The latest episode in the government’s attack on Christian churches in Wenzhou is the drafting of regulations outlining precise limits on the size and location of religious buildings and the size and placement of crosses.
These regulations highlight the arbitrary nature with which officials in China deal with the church. On one hand, one might argue that going from having no clear definition of what is allowed to having a set of regulations is an improvement. Yet the regulations themselves are capricious, and the fact that Zhejiang officials can seemingly pull out of thin air a formula for limiting the church’s public presence highlights the precarious position of Christian activity in China.
One Zhejiang pastor said as much in response to the government’s request for comments on the draft legislation. In a lengthy letter he questioned the scientific and aesthetic basis for the restrictions, why the regulations apply only to Christian places of worship, and why the standards for Protestant and Catholic churches are different.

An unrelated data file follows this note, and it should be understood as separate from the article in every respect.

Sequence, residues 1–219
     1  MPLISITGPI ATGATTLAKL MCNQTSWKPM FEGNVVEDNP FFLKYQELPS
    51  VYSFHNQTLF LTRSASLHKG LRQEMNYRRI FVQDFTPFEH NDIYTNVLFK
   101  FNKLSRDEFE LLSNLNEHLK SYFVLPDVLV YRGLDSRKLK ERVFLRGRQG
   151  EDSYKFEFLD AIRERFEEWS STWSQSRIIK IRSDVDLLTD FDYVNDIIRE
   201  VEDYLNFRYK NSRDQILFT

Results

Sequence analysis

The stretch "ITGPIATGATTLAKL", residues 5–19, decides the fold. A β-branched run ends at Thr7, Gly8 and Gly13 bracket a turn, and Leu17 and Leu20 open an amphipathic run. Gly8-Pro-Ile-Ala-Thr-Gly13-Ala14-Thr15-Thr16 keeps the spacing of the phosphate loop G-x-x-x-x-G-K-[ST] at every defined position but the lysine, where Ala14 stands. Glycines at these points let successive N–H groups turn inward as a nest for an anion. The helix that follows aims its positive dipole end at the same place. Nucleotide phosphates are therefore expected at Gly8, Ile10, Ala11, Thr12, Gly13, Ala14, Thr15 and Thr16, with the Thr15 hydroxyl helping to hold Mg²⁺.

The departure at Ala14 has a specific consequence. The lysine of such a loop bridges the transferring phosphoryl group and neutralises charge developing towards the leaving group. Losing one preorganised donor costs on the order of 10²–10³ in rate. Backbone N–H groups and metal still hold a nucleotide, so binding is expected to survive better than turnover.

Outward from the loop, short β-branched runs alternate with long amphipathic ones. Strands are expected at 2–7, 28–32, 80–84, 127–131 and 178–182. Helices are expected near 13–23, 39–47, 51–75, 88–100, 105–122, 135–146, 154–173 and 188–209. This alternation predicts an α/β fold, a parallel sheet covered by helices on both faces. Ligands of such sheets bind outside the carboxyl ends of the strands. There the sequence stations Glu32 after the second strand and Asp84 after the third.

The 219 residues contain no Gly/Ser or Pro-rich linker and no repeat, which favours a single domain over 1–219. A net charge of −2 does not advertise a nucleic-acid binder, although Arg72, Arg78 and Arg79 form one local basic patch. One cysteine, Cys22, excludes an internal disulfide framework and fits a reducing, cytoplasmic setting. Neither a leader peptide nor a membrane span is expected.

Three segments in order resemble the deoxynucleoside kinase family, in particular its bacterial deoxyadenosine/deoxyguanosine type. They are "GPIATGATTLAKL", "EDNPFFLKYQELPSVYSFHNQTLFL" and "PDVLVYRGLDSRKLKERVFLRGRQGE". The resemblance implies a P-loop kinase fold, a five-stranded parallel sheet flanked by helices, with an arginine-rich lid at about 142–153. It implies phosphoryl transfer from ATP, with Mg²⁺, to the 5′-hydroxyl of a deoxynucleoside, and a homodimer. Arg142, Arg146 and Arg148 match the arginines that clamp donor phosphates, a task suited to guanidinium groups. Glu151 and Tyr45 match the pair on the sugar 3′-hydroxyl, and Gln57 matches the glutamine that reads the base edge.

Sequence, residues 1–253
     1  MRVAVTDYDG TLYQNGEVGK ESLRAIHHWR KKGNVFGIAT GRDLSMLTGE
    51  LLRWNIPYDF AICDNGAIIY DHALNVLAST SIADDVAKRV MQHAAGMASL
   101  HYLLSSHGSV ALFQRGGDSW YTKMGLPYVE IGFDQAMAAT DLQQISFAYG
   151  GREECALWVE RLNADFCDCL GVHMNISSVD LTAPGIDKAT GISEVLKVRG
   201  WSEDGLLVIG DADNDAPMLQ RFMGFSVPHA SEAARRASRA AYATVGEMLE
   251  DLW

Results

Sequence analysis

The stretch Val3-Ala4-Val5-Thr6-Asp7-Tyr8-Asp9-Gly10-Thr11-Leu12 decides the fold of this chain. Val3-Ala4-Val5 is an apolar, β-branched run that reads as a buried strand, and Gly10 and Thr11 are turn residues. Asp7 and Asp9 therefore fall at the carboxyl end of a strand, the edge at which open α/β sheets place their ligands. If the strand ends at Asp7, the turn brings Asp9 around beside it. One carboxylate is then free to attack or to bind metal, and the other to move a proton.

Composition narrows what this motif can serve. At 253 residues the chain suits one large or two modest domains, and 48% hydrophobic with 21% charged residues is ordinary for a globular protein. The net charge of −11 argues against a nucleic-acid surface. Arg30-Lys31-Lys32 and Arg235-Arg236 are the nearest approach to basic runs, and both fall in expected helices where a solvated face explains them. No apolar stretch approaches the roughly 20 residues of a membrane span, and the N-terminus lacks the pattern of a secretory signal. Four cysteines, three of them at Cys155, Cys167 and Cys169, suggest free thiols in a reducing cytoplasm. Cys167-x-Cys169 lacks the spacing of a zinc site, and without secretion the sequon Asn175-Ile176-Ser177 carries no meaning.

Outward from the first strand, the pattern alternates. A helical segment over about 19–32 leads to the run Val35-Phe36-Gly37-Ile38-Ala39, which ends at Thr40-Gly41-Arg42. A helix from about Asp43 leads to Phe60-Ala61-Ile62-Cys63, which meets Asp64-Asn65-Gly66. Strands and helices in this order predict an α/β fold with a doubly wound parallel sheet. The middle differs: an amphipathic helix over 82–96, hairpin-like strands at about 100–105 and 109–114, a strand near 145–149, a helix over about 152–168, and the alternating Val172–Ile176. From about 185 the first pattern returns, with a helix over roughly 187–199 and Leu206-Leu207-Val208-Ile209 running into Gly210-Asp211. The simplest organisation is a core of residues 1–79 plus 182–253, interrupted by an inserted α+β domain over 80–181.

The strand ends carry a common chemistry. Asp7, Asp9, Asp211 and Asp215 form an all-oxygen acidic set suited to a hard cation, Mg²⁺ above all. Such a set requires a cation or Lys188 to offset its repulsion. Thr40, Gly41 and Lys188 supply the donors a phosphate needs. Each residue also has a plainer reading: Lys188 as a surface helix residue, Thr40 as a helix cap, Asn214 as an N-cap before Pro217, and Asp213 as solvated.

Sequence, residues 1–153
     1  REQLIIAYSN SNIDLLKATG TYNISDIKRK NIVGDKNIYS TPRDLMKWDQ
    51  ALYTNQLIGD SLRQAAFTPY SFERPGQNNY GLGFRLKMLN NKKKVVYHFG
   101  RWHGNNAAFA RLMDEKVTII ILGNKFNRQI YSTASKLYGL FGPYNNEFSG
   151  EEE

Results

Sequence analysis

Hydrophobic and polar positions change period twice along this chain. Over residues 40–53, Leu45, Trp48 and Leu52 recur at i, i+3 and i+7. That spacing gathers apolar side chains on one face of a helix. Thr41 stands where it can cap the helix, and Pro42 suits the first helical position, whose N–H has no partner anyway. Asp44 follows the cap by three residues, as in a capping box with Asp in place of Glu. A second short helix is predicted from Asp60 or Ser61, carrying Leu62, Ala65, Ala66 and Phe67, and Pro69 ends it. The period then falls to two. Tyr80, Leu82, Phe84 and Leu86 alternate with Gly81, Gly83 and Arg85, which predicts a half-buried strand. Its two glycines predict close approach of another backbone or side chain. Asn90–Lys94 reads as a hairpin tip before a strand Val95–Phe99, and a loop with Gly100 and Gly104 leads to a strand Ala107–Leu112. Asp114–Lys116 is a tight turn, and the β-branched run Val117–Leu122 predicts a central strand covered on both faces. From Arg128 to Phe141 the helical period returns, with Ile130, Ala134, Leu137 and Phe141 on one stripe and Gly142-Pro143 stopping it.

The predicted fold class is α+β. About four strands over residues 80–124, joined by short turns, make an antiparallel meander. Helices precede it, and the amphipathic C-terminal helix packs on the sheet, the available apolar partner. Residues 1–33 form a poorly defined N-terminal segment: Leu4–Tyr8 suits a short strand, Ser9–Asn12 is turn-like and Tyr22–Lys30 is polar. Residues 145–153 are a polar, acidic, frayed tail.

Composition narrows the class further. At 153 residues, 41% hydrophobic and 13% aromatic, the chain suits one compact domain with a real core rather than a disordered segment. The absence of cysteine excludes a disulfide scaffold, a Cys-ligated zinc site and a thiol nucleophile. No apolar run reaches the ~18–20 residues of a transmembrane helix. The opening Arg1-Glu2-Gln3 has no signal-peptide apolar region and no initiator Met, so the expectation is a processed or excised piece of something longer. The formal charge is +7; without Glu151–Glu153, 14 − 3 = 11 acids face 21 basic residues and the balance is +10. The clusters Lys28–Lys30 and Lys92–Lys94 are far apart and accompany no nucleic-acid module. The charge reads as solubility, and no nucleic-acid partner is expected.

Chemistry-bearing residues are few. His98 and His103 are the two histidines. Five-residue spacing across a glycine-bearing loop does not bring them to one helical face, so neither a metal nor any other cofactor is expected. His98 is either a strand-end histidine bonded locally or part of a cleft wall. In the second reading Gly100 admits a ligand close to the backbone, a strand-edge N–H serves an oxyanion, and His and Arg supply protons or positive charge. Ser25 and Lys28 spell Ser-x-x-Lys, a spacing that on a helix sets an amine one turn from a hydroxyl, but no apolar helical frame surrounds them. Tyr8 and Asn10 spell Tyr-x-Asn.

The letter closes with an appeal for rationality and fairness in dealing with religion:
This writer is willing to say that the majority of colleagues in the religious community support the leadership of the Party, they take the lead in observing the law, they strive to be of one mind, and they contribute their own energy to building a prosperous society. At the same time, this writer also looks forward to a time when the relevant government departments can approach religion rationally, treat religion favorably, and genuinely respect other people's religious beliefs. Therefore, in order to continue to preserve excellent conditions for religious harmony, I call for greater effort to improve the "Building Regulations." Or, when conditions are ripe, to reissue a draft "Regulations" that the religious community can truly take to heart, that comforts the hearts of religious believers, and increases the power of the "Chinese Dream!”
Brent Fulton is the founder of ChinaSource. Dr. Fulton served as the first president of ChinaSource until 2019. Prior to his service with ChinaSource, he served from 1995 to 2000 as the managing director of the Institute for Chinese Studies at Wheaton College. From 1987 to 1995 he served as founding …View Full Bio
Are you enjoying a cup of good coffee or fragrant tea while reading the latest ChinaSource post? Consider donating the cost of that “cuppa” to support our content so we can continue to serve you with the latest on Christianity in China.